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Should you Stretch a Muscle Strain? Why You Might Want to See a Physiotherapist

Armin Ghayyur

Armin Ghayyur

Did you know that over 10% of people from each region across Canada use physiotherapy each year? And muscle strains are one of the most common muscle injuries, affecting millions of people each year.

It’s always best to learn how to stretch and care for a muscle strain in the comfort of your own home. But if the pain continues or is severe, you may need to see a physiotherapist.

Sometimes you need help with muscle strains, and you can’t always go it alone. So keep reading this guide to find out everything you need to know about stretching muscle strains and physiotherapy.

Should You Stretch a Muscle Strain?

When you have a muscle strain, you have an injury to your muscle or tendon. Strains can be minor where they overstretch the muscle, or they can be severe and involve complete or partial tears to your muscle tissues.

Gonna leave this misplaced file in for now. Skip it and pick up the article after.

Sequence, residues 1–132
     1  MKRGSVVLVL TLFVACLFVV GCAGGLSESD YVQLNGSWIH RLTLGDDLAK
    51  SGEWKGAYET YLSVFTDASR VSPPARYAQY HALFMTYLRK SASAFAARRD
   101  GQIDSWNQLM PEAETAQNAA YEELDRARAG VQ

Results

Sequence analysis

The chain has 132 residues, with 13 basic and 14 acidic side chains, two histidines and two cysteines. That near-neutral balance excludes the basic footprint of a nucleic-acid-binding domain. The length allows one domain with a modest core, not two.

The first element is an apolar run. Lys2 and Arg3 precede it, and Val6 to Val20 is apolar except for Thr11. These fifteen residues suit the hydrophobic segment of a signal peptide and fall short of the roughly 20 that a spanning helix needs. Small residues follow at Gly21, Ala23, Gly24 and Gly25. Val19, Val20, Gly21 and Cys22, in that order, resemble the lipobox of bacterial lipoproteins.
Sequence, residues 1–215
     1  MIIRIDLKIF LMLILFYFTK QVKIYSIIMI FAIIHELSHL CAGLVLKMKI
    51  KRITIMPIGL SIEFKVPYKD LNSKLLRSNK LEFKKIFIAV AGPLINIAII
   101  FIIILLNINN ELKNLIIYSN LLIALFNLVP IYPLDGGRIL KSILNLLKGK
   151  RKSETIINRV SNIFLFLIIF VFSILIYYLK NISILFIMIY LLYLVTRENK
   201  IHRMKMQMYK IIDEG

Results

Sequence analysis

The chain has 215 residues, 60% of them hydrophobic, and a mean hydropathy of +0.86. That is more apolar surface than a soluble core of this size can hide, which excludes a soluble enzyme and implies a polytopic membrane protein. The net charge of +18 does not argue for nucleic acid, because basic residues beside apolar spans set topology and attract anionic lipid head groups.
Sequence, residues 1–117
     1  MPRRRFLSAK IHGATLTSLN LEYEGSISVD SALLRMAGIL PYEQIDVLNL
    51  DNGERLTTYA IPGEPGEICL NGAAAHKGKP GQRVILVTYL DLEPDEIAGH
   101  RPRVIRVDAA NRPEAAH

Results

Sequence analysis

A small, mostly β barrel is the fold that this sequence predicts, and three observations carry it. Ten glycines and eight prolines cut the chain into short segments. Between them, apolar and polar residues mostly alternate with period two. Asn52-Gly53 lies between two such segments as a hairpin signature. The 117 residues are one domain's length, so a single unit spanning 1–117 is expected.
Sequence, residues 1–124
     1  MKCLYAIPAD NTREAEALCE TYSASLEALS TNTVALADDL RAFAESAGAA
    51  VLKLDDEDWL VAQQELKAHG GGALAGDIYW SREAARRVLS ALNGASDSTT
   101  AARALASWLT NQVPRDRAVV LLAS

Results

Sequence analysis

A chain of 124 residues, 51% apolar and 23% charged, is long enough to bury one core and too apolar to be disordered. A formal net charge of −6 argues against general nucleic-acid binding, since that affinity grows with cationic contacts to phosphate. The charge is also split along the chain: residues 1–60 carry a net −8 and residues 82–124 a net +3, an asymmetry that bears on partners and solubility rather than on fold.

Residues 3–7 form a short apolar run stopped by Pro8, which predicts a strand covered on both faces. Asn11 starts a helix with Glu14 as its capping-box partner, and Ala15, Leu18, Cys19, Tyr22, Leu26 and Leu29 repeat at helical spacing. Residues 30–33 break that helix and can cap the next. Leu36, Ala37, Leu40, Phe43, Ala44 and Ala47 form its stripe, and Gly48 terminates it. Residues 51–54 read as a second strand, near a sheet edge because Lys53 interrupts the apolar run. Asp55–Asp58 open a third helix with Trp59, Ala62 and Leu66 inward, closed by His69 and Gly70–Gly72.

Muscle strain causes include:

  • A slip
  • From throwing a heavy object
  • From lifting something heavy
  • Moving awkwardly
  • Poor flexibility
  • Not warming up before a physical activity
  • Repetitive activities

While it may seem like you need to stretch your strained muscle immediately, don’t do this! Stretching a muscle immediately after a muscle strain only makes things worse. Your best bet is to rest the area and only start with light stretching 2 to 3 days after the injury occurs.

Classifying Muscle Strains

According to the number of damaged fibres, a system classifies muscle strains from grade one to three.

Grade 1 is a mild strain, only affecting a small number of fibres in the muscle. With a grade 1 strain, there is no decreased strength or limited motion.

A grade 2 strain is a moderate strain, affecting almost half of the affected muscle fibres. You’ll notice significant pain, swelling, and a slight decrease in muscle strength with a grade 2 strain.

Finally, a grade 3 strain is the most severe, resulting in the complete rupture of your muscle into two parts. Severe pain, swelling, and loss of function are common with this type of strain.

Addressing Risk Factors